Aim: To assess reporting characteristics of commonly dichotomised pregnancy outcomes (e.g. preterm/term birth); and to investigate whether behaviours (e.g. smoking), medical conditions (e.g. diabetes) or interventions (e.g. induction) were reported differently by pregnancy outcomes.
Methods: Further analysis of a previous validation study was undertaken, in which 1680 perinatal records were compared with data extracted from medical records. Continuous and polytomous variables were dichotomised, and risk factor reporting was assessed within the dichotomised outcome groups. Agreement, kappa, sensitivity and positive predictive value calculations were undertaken.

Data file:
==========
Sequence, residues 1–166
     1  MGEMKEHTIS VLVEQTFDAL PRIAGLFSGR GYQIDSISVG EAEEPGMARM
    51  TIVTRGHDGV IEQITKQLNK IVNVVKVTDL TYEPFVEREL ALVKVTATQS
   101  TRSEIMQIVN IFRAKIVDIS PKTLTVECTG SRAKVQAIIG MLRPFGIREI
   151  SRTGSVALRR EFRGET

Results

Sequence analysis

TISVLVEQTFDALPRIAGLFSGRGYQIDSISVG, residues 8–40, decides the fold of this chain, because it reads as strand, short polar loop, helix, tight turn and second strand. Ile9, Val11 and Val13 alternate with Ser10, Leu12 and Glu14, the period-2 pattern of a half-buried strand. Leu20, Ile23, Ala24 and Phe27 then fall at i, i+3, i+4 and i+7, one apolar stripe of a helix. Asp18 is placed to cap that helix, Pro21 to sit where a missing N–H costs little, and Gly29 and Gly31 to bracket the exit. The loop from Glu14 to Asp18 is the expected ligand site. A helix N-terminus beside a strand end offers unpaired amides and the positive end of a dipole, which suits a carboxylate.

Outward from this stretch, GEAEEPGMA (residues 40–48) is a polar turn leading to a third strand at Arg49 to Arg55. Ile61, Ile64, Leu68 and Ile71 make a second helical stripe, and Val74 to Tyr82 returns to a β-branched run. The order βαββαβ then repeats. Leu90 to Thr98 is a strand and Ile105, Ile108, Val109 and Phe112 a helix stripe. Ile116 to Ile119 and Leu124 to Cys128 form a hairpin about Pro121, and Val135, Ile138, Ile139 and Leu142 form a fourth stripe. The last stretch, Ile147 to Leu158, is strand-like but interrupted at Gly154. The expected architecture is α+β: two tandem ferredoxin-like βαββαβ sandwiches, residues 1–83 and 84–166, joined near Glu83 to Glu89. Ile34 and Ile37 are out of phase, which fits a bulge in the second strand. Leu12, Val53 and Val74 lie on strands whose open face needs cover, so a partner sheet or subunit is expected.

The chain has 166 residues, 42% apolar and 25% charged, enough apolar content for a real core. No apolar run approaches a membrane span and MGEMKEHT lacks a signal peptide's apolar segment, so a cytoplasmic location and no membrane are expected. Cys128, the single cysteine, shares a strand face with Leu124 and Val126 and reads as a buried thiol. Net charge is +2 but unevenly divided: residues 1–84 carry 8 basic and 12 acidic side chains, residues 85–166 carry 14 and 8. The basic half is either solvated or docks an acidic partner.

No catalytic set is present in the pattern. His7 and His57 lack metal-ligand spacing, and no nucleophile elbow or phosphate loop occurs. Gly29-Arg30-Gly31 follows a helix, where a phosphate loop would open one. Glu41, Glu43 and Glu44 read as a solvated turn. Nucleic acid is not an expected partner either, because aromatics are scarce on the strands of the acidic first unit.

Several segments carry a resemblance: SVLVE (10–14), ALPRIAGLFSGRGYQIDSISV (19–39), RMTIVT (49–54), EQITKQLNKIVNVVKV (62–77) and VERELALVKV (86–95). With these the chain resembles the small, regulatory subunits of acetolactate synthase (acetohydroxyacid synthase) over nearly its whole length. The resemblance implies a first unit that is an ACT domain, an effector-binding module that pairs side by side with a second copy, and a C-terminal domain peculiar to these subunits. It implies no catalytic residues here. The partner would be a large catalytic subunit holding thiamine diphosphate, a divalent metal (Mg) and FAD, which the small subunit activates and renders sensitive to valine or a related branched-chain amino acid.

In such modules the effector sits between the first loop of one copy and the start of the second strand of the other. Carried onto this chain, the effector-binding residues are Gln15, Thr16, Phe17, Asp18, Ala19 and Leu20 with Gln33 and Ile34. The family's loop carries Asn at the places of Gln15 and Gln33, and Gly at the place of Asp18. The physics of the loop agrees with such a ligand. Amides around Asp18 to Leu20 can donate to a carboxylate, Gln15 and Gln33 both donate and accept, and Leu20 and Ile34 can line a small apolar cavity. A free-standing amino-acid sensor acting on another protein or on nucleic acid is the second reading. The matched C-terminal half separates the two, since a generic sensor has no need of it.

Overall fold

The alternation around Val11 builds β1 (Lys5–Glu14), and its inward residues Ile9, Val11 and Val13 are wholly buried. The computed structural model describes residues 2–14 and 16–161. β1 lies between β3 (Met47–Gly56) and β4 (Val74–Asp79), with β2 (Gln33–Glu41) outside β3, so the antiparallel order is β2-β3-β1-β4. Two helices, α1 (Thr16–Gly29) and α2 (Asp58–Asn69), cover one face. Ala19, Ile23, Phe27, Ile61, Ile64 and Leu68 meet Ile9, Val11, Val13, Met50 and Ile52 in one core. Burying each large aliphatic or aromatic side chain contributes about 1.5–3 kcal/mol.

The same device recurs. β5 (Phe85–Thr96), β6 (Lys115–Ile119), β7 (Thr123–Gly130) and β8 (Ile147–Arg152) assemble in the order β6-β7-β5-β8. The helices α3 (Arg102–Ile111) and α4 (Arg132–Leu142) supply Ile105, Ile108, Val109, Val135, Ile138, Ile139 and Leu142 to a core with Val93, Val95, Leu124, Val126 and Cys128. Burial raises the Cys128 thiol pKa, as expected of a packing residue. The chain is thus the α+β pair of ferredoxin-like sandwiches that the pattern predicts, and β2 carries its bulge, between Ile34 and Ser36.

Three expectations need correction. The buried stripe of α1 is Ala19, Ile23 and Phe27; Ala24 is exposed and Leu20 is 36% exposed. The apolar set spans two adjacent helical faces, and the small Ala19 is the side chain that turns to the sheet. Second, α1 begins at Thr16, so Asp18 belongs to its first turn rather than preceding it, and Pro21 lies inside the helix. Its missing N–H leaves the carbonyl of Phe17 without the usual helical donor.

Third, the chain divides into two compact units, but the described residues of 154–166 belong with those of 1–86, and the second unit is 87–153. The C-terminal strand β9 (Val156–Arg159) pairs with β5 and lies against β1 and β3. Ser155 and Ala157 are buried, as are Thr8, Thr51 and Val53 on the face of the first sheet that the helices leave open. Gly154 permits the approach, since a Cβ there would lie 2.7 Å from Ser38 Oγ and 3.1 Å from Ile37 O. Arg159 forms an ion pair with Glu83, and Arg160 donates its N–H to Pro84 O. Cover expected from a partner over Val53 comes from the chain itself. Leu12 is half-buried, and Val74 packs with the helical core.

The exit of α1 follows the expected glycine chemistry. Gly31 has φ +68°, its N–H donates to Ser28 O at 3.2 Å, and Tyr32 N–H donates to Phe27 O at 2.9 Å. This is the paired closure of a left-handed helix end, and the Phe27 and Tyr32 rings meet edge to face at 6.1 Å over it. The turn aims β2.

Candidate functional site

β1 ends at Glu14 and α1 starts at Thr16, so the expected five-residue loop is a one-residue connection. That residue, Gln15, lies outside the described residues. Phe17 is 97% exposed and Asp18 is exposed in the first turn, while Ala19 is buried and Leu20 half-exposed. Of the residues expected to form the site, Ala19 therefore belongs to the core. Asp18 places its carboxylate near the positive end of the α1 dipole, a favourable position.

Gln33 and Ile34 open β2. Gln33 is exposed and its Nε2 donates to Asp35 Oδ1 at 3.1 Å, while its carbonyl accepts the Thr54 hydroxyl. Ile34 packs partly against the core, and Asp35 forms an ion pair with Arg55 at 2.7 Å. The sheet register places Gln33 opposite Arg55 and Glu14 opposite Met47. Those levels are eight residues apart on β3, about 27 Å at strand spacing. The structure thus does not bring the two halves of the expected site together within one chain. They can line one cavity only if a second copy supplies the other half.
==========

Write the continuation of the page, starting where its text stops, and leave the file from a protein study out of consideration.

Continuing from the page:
Results: Gestational age, birthweight, Apgar scores, perineal trauma, regional analgesia and baby discharge status (live birth/stillbirth) were reported with high accuracy and reliability when dichotomised (kappa values 0.95-1.00, sensitivities 94.7-100.0%). Although not statistically significant, there were trends for hypertension, infant resuscitation and instrumental birth to be more accurately reported among births with adverse outcomes. In contrast, smoking ascertainment tended to be poorer among preterm births and when babies were <2500 g.
Conclusion: Dichotomising variables collected as continuous or polytomous variables in birth data results in accurate and well ascertained data items. There is no evidence of systematic differential reporting of risk factors.